The 2018 Lobster Festival Sea Goddess take-back

By Reade Brower | Aug 09, 2018

This is such an interesting subject; couldn’t resist taking my column back for a one-week hiatus of the “Running of the Bulls” story (Part 4 next week).

Stupid is a rite of passage for a teenager.

When adults expect that kids can’t make mistakes and then shame them when they do, the path forward is dangerous and filled with hypocrisy, self-righteousness, intolerance, and perhaps a dash of ignorance.

Did the committee think this out? Did they realize the potential damage to themselves for their perceived arrogance? Most importantly did any of them have skills related to children and teens; if not, did they consult teachers, principals, counselors or others who might have explained that public shaming and bullying (making her resign was not a choice) is damaging.

Was this a knee-jerk decision or was it vetted (did the committee check the social media history of the “Crown Princess” who will now assume the duties of the Sea Goddess)?

It is easy to be a “Monday morning quarterback”; if on the committee, I could have been swayed by convincing arguments that the Sea Goddess image was important and needed to be upheld. I hope, but am not sure, I would have understood that stripping her crown is big-time; humiliation of a teenager is a punishment that does not fit the “crime.”

This was a teaching moment ― nothing more, nothing less; a time to sit down with the Sea Goddess and talk. Showing her a path of redemption, helping her understand social media posting is not innocuous and does speak to character, her code, and what she stands for; that’s the goal.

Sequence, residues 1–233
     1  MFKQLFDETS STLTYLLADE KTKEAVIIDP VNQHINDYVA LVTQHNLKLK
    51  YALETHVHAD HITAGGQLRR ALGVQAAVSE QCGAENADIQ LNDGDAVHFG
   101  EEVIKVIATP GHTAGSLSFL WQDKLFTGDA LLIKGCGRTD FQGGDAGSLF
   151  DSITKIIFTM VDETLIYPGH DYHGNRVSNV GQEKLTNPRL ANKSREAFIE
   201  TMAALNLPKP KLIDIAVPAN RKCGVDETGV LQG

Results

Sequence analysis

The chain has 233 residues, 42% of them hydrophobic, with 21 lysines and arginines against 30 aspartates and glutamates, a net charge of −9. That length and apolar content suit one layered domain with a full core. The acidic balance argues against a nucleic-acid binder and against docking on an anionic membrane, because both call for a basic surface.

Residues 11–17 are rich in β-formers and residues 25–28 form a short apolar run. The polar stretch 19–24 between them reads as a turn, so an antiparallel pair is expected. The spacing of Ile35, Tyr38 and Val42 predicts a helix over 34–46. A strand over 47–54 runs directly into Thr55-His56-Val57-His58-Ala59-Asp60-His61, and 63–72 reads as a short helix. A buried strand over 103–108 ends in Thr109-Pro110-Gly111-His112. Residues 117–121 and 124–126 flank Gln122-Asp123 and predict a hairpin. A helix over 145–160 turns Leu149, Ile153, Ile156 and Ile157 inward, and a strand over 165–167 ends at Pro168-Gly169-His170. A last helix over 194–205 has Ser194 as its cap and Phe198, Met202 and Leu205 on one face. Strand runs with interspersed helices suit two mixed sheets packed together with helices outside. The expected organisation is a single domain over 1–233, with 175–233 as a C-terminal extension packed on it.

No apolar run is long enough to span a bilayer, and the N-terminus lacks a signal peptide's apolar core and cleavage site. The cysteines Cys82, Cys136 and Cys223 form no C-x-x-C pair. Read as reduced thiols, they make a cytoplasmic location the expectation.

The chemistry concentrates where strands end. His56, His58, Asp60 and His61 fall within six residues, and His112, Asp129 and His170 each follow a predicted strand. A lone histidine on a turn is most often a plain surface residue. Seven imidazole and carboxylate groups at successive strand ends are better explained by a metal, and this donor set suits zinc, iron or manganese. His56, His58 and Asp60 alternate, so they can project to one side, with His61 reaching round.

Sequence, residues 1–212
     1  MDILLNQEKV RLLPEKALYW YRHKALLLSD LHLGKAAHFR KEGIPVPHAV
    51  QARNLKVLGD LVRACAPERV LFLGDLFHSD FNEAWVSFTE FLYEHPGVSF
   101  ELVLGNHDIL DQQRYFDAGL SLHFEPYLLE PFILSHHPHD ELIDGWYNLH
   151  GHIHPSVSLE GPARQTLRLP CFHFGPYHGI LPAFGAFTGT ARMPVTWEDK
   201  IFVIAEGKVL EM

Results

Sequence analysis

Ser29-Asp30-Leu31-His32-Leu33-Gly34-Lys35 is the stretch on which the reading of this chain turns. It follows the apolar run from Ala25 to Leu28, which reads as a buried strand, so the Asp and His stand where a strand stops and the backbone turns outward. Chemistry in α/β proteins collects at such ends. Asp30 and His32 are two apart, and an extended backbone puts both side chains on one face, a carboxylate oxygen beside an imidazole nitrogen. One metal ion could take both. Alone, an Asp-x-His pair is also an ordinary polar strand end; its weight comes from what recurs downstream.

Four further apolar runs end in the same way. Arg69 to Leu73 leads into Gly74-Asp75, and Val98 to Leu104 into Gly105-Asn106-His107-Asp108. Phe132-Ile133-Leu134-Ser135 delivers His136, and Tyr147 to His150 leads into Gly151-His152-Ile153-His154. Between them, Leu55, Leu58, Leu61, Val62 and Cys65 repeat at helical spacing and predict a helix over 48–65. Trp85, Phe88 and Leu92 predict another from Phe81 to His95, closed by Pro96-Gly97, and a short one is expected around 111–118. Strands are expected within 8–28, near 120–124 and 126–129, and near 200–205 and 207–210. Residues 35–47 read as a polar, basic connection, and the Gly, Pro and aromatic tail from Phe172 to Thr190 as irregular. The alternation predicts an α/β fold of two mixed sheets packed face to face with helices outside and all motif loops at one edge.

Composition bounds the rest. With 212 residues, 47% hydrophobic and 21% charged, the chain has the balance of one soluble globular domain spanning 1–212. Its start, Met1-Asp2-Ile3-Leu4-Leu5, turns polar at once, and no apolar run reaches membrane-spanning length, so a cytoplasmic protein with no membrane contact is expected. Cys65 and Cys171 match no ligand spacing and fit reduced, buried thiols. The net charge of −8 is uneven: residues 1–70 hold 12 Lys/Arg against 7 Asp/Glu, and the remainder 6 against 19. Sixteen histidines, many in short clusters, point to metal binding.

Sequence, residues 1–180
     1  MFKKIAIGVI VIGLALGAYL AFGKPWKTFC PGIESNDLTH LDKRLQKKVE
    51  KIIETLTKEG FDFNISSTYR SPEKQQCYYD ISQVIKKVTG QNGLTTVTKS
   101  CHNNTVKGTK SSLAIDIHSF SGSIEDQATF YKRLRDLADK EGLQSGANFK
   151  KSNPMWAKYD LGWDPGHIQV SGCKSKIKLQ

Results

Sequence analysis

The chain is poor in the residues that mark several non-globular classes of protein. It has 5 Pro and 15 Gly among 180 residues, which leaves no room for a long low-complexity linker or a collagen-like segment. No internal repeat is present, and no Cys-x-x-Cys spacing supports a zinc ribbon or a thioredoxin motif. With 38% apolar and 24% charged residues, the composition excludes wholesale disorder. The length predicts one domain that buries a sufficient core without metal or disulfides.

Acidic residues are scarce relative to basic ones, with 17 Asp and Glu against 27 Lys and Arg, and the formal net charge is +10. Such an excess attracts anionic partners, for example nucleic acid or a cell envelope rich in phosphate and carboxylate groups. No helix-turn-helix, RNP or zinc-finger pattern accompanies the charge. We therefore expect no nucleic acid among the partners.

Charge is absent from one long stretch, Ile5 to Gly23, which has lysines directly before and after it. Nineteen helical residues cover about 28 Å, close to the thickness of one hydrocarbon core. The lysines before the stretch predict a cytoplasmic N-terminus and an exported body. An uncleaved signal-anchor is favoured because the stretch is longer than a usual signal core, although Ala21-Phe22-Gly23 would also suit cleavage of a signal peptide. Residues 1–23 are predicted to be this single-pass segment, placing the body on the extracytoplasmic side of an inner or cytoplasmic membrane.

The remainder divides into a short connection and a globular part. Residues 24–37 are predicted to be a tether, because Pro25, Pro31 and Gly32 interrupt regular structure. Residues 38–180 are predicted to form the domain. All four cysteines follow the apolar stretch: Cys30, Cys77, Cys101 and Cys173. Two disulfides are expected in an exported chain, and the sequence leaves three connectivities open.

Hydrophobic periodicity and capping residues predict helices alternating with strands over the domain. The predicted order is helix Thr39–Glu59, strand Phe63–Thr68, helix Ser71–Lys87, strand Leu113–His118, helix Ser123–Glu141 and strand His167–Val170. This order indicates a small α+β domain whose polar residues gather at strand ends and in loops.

Shouldn’t it be about lessons rather than punishment? Where does learning come from?

I could tell stories about all the indiscretions that occurred when I was young and how they shaped me; here’s one.

As a teenager, my friends hung out at the “big rock” smoking cigarettes and drinking “jungle-juice” (an inch or so of liquor, so it wouldn’t be noticed, from each bottle of booze in our parents’ bar, added together in peanut butter jars and shared amongst friends).

We spray-painted the big rock with aerosol cans taken without permission (stolen) from the local hardware store and smoked cigarettes pocketed without purchase from the local supermarkets. I never thought about “right and wrong” until “upping my game” and almost getting caught shoplifting a transistor radio. I had the radio in my pants with the store detective trailing. I rushed down one aisle, dashed into the next, taking the radio from my pants, and depositing it on a random shelf.

My heart beating fast, I left the store. The feeling I had was self-shame; I knew it was wrong before this incident but this overwhelming wave hit like the proverbial “ton-of-bricks”; I never wanted to feel this way again, ever.

I was lucky to come up with this on my own; rather than have some unkind person tell the world that I was a no-good common thief because in reality, I wasn’t ― I was a mixed-up kid, trying to fit in with friends, trying to figure out my moral code.